Are there sketchy insurance people out there? Yes. But I would think they'd be telling you to take the higher rate-it would be more beneficial to them from a premium/commission standpoint and they have no reason to want you to be under-insured. Ultimately you have to trust your gut and make sure you go with someone who you feel is looking out for your best interests. Sounds like, for you, that wasn't these guys, but if you get the same experience somewhere else it might not be that they're coming from a place of dishonesty. You can always refuse their suggestion and go ahead and insure her as if she's jumping consistently if that's what gives you peace of mind.

                      Comment


                      • #12
                        My insurance agent was very honest and explained to me that dressage was less expensive, but that if my horse happened to be injured jumping, that my claims may not be covered. Since I intend to jump my horse for fun and am all about more-protection-is-good, I elected to go ahead and insure her as a hunter/jumper. Pretty sure she's one of the only Lipizzaners in the history of ever to be labeled as a hunter/jumper. :-)

                        Comment


                        • #13
                          Maybe one of the few Lippys, but there are lots of baroques (Andalusians and Lusitanos) that are pretty spectacular jumpers. I know - I owned one.

                          And kudos to you for covering your basis. Smart lady.
                          In loving memory of Laura Jahnke.
                          A life lived by example, done too soon.
                          www.caringbridge.org/page/laurajahnke/

                          Comment

                          • Original Poster

                            #14
                            Originally posted by IronwoodFarm View Post

                            I must be a bit cranky today, because the OP's attitude that two different agents were lying and that insurance carriers would deny her claim was pretty uninformed. She seems convinced she is being conned into paying a premium for coverage that will never pay out. That's just not true.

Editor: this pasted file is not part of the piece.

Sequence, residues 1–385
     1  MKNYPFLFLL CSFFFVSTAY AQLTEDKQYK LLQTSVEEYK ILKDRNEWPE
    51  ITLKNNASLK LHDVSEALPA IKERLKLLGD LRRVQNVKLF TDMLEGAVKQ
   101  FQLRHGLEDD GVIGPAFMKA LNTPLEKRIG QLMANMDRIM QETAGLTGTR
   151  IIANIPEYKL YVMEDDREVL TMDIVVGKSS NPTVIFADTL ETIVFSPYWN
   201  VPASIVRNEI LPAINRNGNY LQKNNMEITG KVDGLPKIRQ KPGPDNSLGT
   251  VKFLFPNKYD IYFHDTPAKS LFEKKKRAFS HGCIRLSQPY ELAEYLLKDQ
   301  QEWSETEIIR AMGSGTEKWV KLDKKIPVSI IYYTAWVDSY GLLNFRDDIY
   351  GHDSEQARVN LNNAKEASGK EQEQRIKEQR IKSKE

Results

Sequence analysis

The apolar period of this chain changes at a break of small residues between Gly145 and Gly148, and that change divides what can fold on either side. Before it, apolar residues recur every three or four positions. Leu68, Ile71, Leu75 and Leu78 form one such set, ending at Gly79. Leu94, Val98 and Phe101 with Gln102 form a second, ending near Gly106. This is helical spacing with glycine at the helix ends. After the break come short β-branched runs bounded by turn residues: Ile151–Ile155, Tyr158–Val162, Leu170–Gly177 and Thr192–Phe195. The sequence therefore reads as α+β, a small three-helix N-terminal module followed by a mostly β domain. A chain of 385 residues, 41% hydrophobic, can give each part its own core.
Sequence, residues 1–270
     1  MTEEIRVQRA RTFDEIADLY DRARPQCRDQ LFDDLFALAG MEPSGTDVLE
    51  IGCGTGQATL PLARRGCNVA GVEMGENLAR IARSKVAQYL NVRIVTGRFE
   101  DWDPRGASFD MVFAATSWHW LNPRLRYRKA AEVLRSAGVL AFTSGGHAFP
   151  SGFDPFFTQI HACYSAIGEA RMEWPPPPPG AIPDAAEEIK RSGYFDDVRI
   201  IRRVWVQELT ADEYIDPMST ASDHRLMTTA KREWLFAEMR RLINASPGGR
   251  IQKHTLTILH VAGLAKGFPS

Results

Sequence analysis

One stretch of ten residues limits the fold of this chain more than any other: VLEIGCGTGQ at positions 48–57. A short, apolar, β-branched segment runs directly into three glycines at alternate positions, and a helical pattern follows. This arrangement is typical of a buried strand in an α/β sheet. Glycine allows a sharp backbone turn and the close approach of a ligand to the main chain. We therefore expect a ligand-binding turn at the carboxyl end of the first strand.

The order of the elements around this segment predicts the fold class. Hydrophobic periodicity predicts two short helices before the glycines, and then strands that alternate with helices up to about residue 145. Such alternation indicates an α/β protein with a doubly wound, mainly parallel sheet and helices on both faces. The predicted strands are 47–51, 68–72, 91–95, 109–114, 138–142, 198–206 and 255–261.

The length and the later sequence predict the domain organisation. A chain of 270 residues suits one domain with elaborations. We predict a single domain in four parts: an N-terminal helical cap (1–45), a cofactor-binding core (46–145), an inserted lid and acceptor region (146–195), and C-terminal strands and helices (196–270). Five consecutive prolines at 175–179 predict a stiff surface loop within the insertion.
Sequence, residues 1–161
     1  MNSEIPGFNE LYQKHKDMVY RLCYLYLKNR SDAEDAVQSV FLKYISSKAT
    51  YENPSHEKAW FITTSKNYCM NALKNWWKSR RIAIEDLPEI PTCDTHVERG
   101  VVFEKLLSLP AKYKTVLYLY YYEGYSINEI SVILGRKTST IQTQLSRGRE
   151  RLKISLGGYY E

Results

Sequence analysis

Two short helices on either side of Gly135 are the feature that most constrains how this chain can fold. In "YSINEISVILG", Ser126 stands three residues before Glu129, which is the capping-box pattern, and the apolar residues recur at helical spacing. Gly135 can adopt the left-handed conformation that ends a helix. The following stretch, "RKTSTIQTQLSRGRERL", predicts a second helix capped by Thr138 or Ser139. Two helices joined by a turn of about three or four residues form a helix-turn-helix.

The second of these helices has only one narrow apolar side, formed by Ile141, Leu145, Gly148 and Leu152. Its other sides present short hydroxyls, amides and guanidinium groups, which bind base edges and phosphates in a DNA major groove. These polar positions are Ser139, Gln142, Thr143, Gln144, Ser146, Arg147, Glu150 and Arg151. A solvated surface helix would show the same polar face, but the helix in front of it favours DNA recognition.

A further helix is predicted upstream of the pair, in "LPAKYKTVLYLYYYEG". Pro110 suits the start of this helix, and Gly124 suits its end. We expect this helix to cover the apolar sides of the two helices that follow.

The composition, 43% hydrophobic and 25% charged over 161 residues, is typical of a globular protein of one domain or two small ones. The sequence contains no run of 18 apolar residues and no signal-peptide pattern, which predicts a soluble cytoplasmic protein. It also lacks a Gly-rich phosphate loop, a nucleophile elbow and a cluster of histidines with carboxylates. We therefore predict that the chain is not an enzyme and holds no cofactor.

The agents themselves told me the claims would be denied if the horse was injured jumping. My speculation was that the company could claim that an injury was due to jumping because if the horse was being jumped at all, how could anyone know it was not from jumping?
                            "The mighty oak is a nut who stood its ground"

                            "...you'll never win Olympic gold by shaking a carrot stick at a warmblood..." see u at x

                            Comment


                            • #15
                              Please contact Joe Lombard at Corinthian Insurance. He is more honest than Abe Lincoln and will never steer you wrong.

                              Here is his website: http://www.corinthianinsurance.com/JoeL_bio.html
                              I realize that I'm generalizing here, but as is often the case when I generalize, I don't care. ~ Dave Barry

                              Comment